Saturday, 17 March 2012

Final garden session

Yesterday I opened the net in the back garden for the last time before heading up to Scotland to commence my summer job with the RSPB. The first bird in was a Woodpigeon which perhaps surprisingly, is a new species trapped and ringed in the garden, although given the amount of holes in the 30' that have already been caused by bouncy, scratchy Woodpigeons I'm not sure how many more I'd want to catch! It was nice to get another House Sparrow bringing the total caught since garden ringing commenced to 67 with 13 retraps; a reasonable haul for a plot the size of a small handkerchief - the 30' net only fits diagonally!

Adult (6) Woodpigeon

The real highlight was retrapping a Long-tailed Tit that had originally been caught in the woodland ringing ride at Lound Lakes. This individual was one of the first birds caught during a busy ringing session on a very cold morning in October last year, so it was uplifting to know that it had survived the winter and had undertaken an epic movement of 1.3 kilometres. 

A well travelled Long-tailed Tit

I will miss garden ringing sessions this summer and particularly the population of local House Sparrows for which I was planning to start up a RAS (Retrapping Adults for Survival), project. I am however, looking forward to experiencing a completely different habitat with different species and of course surveying and radio tracking the Golden Plover adults and chicks to examine any possible impacts of the wind farm upon their breeding success.

Totals - 8 new and (1) retrap
Woodpigeon - 1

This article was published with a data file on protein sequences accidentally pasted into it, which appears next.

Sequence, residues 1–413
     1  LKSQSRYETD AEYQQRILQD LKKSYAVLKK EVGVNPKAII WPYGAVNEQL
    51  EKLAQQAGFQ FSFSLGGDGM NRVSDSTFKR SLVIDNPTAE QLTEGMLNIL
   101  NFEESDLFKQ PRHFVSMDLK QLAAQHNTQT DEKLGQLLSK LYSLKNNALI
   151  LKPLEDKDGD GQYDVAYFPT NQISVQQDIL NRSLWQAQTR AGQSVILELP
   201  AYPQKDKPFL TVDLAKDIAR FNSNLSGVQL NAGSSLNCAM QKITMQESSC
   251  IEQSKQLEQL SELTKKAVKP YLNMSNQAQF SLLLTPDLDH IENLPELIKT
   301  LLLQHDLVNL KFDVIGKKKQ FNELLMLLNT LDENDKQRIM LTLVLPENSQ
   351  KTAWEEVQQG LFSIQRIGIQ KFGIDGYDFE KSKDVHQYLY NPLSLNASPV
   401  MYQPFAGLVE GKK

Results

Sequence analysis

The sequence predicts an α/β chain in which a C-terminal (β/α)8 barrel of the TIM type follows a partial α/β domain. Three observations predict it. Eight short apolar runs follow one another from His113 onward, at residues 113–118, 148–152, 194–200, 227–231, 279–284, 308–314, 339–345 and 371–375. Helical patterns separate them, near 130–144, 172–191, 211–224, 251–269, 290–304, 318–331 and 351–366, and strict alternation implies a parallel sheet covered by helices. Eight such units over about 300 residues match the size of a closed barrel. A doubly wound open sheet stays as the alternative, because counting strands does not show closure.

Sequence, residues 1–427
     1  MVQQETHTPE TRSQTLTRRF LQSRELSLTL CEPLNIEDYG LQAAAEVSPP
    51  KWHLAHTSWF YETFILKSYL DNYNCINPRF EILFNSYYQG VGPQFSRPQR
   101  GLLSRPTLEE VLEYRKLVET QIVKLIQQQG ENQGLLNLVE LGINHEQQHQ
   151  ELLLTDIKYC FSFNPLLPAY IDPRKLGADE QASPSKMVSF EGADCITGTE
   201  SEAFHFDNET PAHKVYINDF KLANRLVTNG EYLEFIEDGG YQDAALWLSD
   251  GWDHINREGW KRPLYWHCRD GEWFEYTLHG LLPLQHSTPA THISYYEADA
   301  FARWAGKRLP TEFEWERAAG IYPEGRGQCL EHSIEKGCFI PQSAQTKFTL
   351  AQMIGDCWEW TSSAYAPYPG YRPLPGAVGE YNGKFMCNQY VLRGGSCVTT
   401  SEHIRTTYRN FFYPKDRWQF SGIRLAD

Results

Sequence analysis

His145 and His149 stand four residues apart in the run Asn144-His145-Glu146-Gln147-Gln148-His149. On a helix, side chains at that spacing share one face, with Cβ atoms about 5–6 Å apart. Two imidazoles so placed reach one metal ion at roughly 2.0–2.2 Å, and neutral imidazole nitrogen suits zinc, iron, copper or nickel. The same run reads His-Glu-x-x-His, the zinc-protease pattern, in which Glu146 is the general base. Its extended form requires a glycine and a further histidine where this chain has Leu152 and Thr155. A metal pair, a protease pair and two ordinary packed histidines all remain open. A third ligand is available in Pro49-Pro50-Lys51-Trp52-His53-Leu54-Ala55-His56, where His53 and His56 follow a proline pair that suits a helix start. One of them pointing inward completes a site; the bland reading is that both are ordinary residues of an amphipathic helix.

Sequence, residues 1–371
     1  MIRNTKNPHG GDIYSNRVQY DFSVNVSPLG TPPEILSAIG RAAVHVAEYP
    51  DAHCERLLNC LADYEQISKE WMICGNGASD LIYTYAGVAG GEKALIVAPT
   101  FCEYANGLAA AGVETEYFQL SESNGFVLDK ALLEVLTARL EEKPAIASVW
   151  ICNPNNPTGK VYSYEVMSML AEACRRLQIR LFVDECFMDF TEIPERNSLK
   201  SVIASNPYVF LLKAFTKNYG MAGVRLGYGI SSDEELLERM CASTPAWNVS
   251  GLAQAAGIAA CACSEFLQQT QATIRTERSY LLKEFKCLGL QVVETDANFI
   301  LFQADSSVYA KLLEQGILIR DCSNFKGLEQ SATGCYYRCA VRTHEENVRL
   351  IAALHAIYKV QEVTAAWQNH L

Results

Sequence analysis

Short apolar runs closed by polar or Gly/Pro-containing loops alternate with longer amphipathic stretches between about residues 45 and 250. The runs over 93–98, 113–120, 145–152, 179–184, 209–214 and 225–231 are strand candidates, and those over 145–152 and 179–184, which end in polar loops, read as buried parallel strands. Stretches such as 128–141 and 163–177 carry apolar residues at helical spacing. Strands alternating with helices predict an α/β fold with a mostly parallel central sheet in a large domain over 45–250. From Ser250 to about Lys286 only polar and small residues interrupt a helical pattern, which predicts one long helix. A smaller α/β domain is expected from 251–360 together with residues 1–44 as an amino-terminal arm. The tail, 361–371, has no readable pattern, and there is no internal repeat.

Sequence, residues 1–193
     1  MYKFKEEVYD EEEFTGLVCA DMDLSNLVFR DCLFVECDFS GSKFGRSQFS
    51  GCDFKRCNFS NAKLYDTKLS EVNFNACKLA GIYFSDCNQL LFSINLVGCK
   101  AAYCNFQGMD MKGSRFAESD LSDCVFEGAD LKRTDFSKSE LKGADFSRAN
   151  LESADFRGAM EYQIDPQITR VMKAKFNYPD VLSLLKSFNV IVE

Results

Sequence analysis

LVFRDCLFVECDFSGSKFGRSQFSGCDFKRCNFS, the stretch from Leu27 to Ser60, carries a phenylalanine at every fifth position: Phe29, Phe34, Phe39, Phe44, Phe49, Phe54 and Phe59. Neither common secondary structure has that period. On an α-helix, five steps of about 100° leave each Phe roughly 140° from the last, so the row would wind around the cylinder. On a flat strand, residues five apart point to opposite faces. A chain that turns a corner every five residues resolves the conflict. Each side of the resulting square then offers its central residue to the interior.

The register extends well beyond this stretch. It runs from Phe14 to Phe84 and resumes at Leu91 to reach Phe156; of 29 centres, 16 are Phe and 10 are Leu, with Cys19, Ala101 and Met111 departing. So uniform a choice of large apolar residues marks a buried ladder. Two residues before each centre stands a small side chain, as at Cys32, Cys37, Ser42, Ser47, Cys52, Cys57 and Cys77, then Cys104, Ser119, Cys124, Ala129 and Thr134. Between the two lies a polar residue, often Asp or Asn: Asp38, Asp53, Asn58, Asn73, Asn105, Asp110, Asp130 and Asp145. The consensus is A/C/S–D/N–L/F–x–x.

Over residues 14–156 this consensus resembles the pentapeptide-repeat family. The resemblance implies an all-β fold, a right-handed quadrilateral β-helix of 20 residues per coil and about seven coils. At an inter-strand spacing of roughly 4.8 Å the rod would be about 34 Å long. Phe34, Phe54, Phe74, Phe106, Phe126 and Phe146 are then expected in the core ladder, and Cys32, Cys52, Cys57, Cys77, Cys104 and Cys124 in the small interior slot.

Long-tailed Tit - (1)
Blue Tit - 2
Great Tit - 2
House Sparrows - 1
Goldfinch - 2

Garden Totals, July 2011 - March 2012 - 182 new, (27) retraps
Woodpigeon - 1
Wren - 3
Dunnock - 9, (4)
Robin - 11, (3)
Blackbird - 15
Goldcrest - 1
Long-tailed Tit - 2, (2)
Coal Tit - 1
Blue Tit - 33, (3)
Great Tit - 9, (1)
Starling - 12
House Sparrow - 67, (13)
Chaffinch - 2
Goldfinch - 16, (1)

Monday, 5 March 2012

Sheepish Starling...

On Sunday morning I decided to open the garden net as well as having another go at catching a Blackbird in the front garden using a spring trap. The male bird in question refuses to visit the back garden and as a result remains unringed. Interestingly, he does seem to have taken up territory at the front and never moves far even when approached. 

With the trap set and the mealworms doing their best at wriggling all that was left to do was to put the kettle on and extract anything from the 30' in the back garden. Two Goldfinches later, including the first retrap for the garden and the spring trap had made a catch. It wasn't however the target species that had been caught but instead I was faced with removing a very sheepish looking Starling that had obviously been eyeing the bait from roof in which they've been busily building their nest this year.

 Spring Trap ready complete with bait

Rather sheepish looking female Starling

Although the morning wasn't exactly awash with birds a further four Starlings were mist netted along with two Chaffinches trapped together in the bottom shelf and were a new species for the garden. A female Blackbird was caught in the mist net, the spring traps failing to catch another bird.

 Chaffinches - 2CY (5) male left, adult (6) female right

Totals - 14 new and (1) retrap
Blackbird - 1
Blue Tit - 5
Starling - 5
Chaffinch - 2
Goldfinch - 1, (1)

Sunday, 4 March 2012